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1 Castells M. (1993), European cities, the informational society and the global economy, in TESG, 84, no. 4, pp. 247-257. 2 Wall R. (2002), Creatief stedelijk netwerk. Een Rotterdams atelieronderzoek, in Stedenbouw en Ruimtelijke ordening, 02, pp. 41-43. 3 Cabus P. & W. Vanhaverbeke (2002), Analyse van de ruimtelijk-economische dynamiek, Strategisch Plan Ruimtelijke Economie, September 2002. 4 Van der Knaap G.A. (2002), Stedelijke bewegingsruimte. Over veranderingen in stad en land, WRR, SDU Uitgevers, The Hague, 186 pp. 5 Gewestelijke Ontwikkelingsmaatschappij Vlaams-Brabant (Regional Development Company of Flemish-Brabant (2000), Vlaams-Brabant op de drempel van de 21ste eeuw (Flemish-Brabant on the threshold of the 21st century). 6 See, inter alia: Ministry of the Flemish Community (2001), Publieke ruimte, een andere aanpak (Public space, a different approach), Brussels (produced by Technum nv). 7 The different types of urban character were based, on the one hand, on the categories and selections used in the Flanders Structural Plan for Town and Country Planning. On the other hand, the urban regional approach was used for the broad denition of the urban complex. See: Van Der Haeghen H., E. Van Hecke & G. Juchtmans (1996), De Belgische stadsgewesten 1991, NIS, Statistische Studin, no. 104. 8 Cabus P. (2001), Blikopener, Nood aan een nieuw stedelijk model? De compacte stad onder vuur in Tijdschrift voor Ruimte en Planning, Jg. 21, pp. 2-8. 9 Winters. S. & B. Van Damme (2003), Op zoek naar eigendom. Enkele resultaten uit twee HIVA-onderzoeken naar de overheidssteun voor eigenaars van woningen, in Gezinsbeleid in Vlaanderen (Family policy in Flanders), Brussels. 10 Goossens L. (2002), Goed om weten omtrent wonen in Ruimte & Planning, jg. 22, no. 2, pp. 96-98. 11 De Decker P. (2002), De huisvestingsval klapt dicht ! Over wat huishoudens over houden na het betalen van hun woonkosten en wat de overheid daaraan doet, in Ruimte en Planning, 22, no. 2, pp. 119-140. 12 Mainly based on: Heyn M. & M. Hermy (2001), Een groenblauw netwerk als drager van een duurzame stadsontwikkeling en een langetermijnvisie natuurbehoud (A greenblue network to support sustainable urban development and a long-term vision of nature conservation), working text for the White Paper. 13 Greenleese R. (2002), Londen, de creatieve metropool. Naar een culturele strategie voor Greater London (London, the creative metropolis. Towards a cultural strategy for greater London), in Stedenbouw en Ruimtelijke ordening, 02, pp. 3236. Amin and Thrift indicate that angling is one of the most popular leisure activities in London (200,000 licenses in 2000), though it is not something usually associated with cities, see Amin A. & N. Thrift (2002), Cities. Reimaging the Urban, Polity Press, Cambridge, p. 44. 14. See Bianchini F. & M. Parkinson (eds.) (1993), Cultural Policy and Urban Regeneration: the West European Experience, Manchester, Manchester University Press; Landry C.& F. Bianchini (1995), The Creative City, London, Demos. 15. Florida R. (2002), The rise of the creative class: And how it is transforming work, leisure, community and everyday life, Basic Books, 350 pp. 16. Hemel Z. (2002), Creatieve steden (Creative cities) in Stedenbouw en Ruimtelijke ordening, 02, pp. 6-13. 17. Greenleese R. (2002), Londen, de creatieve metropool. Naar een culturele strategie voor Greater London (London, the creative metropolis. Towards a cultural strategy for greater London), in Stedenbouw en Ruimtelijke ordening, 02, pp. 3236. 18 Wayens B. & J. Grimmeau (2003), Linuence du tourisme sur limportance et la structure du commerce de detail en Belgique, lecture for Belgian geographers day, Lige, 12 March. 19 Verbeke M. (2001), De vrijetijdsfunctie van en in de stad. Basic text for a workshop in the context of the project Thuis in de Stad (At home in the city), included in the preliminary study for this book. 20. Discussion with Guido Minne from the Beursschouwburg Brussel in the context of the preparation for this book (2002). 21. Corijn E. (2002), Alledaags is niet gewoon. Reecties over volkscultuur en samenleven. King Boudewijn Foundation. 22. Heyn M. & M. Hermy (2001), Een groen-blauw netwerk als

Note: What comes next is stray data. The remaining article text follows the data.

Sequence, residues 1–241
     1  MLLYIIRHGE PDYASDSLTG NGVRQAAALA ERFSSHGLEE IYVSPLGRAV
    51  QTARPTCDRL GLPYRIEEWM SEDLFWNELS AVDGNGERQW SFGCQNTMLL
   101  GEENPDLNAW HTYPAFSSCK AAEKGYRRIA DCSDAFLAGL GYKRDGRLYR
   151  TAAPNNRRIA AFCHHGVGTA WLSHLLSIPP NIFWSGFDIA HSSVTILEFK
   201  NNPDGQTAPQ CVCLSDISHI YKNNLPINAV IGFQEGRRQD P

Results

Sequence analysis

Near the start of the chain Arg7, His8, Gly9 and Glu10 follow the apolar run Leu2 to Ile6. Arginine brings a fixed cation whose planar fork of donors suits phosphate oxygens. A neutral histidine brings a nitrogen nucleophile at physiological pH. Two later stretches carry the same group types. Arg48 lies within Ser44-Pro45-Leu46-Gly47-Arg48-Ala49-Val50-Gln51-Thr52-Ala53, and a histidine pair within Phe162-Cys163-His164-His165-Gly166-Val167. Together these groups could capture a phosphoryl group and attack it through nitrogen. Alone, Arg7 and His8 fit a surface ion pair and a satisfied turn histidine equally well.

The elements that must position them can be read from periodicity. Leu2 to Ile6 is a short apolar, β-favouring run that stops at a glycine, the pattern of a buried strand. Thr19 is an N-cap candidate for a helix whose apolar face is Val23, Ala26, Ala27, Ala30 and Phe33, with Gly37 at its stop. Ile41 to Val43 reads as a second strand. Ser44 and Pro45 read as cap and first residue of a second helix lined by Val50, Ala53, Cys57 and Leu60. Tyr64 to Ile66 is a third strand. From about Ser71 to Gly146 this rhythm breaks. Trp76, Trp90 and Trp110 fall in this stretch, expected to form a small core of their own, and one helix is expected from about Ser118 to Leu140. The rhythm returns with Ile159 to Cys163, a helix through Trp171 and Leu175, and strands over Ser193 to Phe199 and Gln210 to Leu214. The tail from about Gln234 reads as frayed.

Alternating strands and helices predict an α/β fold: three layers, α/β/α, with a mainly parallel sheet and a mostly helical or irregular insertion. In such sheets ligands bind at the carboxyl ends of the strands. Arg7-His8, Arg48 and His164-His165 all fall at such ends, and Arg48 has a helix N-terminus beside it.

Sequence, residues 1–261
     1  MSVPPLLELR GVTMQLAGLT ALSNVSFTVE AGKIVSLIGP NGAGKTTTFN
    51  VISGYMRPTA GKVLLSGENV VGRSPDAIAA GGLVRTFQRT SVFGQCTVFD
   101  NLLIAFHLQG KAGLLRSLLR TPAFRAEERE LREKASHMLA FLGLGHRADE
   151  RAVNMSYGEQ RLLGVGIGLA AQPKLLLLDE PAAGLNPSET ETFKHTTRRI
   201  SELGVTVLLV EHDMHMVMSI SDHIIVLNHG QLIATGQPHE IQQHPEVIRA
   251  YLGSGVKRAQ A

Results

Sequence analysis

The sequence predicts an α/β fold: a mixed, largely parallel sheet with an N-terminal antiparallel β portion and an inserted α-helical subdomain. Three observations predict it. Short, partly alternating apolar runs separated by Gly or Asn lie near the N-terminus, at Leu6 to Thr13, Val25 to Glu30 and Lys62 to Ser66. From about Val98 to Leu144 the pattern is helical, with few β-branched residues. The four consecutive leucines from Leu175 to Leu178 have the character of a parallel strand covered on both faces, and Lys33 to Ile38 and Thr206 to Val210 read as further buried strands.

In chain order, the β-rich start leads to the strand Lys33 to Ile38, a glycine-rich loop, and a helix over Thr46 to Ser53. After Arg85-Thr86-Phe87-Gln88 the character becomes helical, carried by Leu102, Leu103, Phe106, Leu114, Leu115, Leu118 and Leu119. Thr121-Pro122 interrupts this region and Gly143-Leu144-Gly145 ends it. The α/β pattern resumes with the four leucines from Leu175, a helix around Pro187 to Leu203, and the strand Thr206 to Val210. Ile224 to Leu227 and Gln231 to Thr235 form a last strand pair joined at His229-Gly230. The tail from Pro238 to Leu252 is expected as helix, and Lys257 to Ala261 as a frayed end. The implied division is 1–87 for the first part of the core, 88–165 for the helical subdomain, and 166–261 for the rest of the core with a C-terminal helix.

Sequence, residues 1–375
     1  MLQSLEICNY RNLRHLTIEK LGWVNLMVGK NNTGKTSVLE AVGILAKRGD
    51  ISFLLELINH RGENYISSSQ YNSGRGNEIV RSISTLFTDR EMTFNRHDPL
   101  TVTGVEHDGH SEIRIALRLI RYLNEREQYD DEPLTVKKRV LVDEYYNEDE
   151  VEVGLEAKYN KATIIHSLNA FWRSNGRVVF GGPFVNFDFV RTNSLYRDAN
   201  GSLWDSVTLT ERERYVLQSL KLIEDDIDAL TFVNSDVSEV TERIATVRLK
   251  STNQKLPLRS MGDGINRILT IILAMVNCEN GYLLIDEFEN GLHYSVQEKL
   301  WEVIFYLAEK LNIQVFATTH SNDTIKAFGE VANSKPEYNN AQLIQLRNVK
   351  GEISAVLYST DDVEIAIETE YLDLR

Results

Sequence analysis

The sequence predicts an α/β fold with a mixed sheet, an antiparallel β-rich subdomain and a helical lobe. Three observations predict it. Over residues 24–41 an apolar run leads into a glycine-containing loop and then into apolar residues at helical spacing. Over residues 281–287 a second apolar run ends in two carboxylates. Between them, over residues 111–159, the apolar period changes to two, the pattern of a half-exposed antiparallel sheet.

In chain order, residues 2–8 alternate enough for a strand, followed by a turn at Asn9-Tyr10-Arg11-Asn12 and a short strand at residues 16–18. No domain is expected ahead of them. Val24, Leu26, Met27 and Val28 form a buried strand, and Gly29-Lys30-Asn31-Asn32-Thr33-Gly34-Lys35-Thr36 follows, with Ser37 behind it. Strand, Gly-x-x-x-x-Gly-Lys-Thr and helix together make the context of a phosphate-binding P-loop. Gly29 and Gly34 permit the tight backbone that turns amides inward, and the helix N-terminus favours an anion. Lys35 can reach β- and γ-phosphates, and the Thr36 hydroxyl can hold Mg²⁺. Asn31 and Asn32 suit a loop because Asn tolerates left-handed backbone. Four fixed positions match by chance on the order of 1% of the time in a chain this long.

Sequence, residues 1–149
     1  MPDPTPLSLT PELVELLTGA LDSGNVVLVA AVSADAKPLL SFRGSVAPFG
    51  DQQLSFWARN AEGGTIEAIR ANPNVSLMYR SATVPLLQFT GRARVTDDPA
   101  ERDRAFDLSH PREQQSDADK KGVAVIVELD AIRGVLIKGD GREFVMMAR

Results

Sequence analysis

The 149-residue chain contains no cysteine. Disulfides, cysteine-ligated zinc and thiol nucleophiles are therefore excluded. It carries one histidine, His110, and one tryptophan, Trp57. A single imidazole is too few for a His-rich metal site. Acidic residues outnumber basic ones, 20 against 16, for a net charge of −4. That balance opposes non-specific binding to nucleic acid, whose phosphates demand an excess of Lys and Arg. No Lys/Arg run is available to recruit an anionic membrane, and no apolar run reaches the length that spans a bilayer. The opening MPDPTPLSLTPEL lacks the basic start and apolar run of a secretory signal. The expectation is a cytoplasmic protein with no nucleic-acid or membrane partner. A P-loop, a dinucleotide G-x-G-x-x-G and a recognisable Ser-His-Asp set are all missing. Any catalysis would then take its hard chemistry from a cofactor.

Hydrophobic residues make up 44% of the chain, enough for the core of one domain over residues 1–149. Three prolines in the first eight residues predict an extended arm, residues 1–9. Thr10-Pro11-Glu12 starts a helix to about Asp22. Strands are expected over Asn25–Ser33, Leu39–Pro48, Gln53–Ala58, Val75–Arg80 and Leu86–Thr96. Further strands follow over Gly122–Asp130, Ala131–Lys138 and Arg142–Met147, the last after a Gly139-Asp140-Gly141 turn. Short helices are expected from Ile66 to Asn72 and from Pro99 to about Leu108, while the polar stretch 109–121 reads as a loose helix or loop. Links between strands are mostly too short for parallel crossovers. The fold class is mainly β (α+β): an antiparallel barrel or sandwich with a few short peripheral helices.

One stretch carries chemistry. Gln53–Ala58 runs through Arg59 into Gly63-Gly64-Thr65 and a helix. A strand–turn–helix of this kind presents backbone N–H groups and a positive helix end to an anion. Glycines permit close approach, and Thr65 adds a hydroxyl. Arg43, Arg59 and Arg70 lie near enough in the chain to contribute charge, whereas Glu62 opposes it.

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drager van een duurzame stadsontwikkeling en een langetermijnvisie natuurbehoud (A green-blue network to support sustainable urban development and a long-term vision of nature conservation), working text for White Paper, pp. 8-9. 23. Cabus P. & W. Vanhaverbeke (2002), Analyse en kwanticering van de zonevreemde economie en een insteek voor oplossingen, Strategisch Plan Ruimtelijke Economie, Academia Press, Ghent. 24. Elchardus M. (2002), De drama-democratie, Lannoo, Tielt. 25. Elchardus M., L. Huyse & M. Hooghe (2001), Het maatschappelijk middenveld in Vlaanderen. Een onderzoek naar de sociale constructie van democratisch burgerschap, VUBPress-Brussel; Hooghe M. (ed.) (2000), Sociaal kapitaal en democratie. Verenigingsleven, sociaal kapitaal en politieke cultuur, Acco, Leuven. 26. In this context, see the gures of the various VRIND publications of the Government of Flanders. 27. Idea-Consult (2002), Bouwstenen voor een dynamisch en efcint subregionaal beleid in Vlaanderen. Research commissioned by the Flemish Minister of Employment and Tourism in the context of the VIONA research programme, study carried out with the sponsorship of F. De Rynck, Brussels, 2002. 28. Syngedouw E. (1996), Reconstructing citizenship, the rescaling of the State and the new authoritarianism: closing the Belgian mines, in Urban Studies, 33, no. 8, pp. 14991521. 29. Kesteloot C. & H. Meert (1993), Informele Economie: sociaal-economische functies en geograsche dimensies van een dubbelzinnig verschijnsel, in Ruimtelijke Planning, Quire 4, pp. 51-93, Kluwer. 30. De Rynck F. (2002), Deelnemende stad, working text for chapter 1, commissioned by Urban policy Task Force. 31. Moesen W. (2001), Openbare nanciering en de nieuwe steden, basic text for the workshop on the funding of cities in the context of the project Thuis in de Stad (At home in the city); also see the preliminary study for this book; Picqu Ch. (2000), Grootstedelijk beleid en scaliteit, ontwerp van beleidsnota. The proposals in eld 19 are mainly based on the policy memorandum of the former federal minister for metropolitan policy, Mr. Picqu.